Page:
A study (JAMA v. 290: 1323-1330. 2003) found a direct correlation between weight loss at twelve months and duration of exercise in women who were given instruction in how to diet.

Women in this study who exercised less than 150 minutes a week (and who received instructions to follow a low fat, low calorie diet) lost about 5% of their total body weight, women who exercised 150 – 200 minutes a week lost 7% of their total body weight, and women who exercised more than 200 minutes a week lost almost 10% of their total body weight.

In addition, those women who had the highest levels of exercise were still losing weight at the end of the study, whereas those women who exercised the least were quickly regaining lost weight.

Almost all studies of weight loss find that there is a net regain in weight after the first six months, so that the usual goal is to minimize that weight regain in order to maintain the weight loss benefits of the intervention. This study finds that exercise for more than 200 minutes a week may be one of the few interventions that keeps on delivering weight loss for a full year.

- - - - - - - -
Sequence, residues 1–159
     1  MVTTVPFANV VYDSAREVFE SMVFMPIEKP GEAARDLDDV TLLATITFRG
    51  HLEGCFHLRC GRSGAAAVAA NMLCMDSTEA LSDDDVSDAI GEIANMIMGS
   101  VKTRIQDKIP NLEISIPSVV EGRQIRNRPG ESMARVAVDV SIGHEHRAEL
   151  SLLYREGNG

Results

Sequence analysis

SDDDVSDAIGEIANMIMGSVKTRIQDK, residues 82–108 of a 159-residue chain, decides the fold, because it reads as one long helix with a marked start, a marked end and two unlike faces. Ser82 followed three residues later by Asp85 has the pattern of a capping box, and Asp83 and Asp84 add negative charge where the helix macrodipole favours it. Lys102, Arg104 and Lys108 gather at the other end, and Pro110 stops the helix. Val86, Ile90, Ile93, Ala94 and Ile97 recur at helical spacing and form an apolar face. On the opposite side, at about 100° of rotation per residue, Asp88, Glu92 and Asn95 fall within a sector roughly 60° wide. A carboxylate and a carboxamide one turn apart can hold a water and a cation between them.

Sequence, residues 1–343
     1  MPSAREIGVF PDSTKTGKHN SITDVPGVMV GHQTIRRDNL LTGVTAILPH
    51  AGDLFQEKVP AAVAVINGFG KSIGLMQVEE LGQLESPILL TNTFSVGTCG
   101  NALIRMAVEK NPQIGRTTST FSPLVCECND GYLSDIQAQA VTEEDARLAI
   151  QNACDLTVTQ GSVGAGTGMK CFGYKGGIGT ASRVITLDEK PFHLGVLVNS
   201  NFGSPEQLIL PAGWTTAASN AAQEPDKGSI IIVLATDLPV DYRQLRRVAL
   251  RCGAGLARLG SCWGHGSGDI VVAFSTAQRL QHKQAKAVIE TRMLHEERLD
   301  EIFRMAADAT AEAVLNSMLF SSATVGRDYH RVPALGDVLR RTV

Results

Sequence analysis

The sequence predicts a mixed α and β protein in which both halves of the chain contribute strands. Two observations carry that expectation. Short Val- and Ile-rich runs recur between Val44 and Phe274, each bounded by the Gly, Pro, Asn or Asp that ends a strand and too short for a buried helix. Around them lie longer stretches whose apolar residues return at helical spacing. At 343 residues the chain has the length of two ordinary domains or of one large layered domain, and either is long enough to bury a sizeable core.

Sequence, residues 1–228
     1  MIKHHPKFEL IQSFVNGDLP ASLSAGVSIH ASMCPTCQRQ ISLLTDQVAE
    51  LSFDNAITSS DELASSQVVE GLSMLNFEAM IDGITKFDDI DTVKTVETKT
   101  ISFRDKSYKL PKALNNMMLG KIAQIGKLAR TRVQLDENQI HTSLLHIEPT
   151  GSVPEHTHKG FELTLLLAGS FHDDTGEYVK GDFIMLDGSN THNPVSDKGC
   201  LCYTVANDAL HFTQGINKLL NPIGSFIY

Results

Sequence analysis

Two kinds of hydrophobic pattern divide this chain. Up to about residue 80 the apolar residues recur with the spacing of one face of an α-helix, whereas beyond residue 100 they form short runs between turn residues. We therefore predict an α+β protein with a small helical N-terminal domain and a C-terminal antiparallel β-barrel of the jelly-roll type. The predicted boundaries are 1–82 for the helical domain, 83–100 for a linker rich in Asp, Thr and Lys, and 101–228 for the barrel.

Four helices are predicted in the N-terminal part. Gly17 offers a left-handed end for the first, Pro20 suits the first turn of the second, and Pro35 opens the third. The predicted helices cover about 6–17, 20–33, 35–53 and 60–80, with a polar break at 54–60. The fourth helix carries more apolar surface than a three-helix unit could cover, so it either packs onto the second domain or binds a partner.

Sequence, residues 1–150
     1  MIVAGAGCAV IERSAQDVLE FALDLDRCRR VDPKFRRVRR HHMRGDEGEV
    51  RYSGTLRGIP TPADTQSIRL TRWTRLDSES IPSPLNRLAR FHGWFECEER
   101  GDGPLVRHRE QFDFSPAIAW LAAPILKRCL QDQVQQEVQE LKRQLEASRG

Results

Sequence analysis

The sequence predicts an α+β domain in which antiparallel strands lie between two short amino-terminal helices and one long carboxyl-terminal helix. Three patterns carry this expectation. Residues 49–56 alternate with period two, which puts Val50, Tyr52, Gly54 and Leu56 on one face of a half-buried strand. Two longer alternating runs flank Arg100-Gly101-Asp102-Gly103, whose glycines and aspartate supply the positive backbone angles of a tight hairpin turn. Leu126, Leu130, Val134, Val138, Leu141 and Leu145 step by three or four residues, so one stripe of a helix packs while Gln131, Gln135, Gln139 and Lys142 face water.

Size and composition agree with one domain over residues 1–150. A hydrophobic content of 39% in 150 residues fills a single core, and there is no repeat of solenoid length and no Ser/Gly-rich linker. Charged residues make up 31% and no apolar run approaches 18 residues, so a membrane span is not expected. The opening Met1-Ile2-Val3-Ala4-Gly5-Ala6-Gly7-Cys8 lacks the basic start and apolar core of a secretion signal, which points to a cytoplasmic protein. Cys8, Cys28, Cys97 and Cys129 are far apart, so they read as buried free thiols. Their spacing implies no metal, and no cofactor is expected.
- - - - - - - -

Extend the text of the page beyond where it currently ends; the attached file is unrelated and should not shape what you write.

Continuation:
You don’t need to pack all your exercise into one session. Short bouts of exercise during the course of the day have an additive benefit, 3 10-minute or 20-minute sessions will do you as much good as one longer session.

Walking is the most practical, accessible exercise as well as the safest. But casual strolling is not enough. Aim for a brisk pace, about 3.5 to 4 miles per hour (so you walk a mile in 15 to 17 minutes). If you are just starting a walking program, check your pace by walking on a treadmill or timing yourself as you walk a measured mile — typically four times around a school track, for example. If you haven’t been exercising it may take you a few weeks to get used to walking briskly.

Make exercise a habit. Walk whenever possible, in preference to driving or taking a bus. Skip the escalator or elevator and take the stairs.

If you are very overweight, have always been sedentary, or are over 70, you may find it hard to get going. A walking pace of 3.5 to 4 miles an hour may seem impossible to achieve. But keep trying. Do what you can do. It is never too late to start exercising and reaping the rewards.

As you get accustomed to a routine, add some strength training with free weights or weight machines. This is especially important for bone health as you grow older. If you have never done any weight training a few lessons can be an excellent investment to get you started.

Elsewhere on this website we have more information on the psychological benefits of exercise.

Apr 19

Sleep Apps and Wearable Devices

Sleep Apps and WearablesMany of the people I see complain of poor quality sleep, and a number of them have tired using various sleep apps and wearable devices to try to get figure out why they are sleeping poorly and what they can do about it.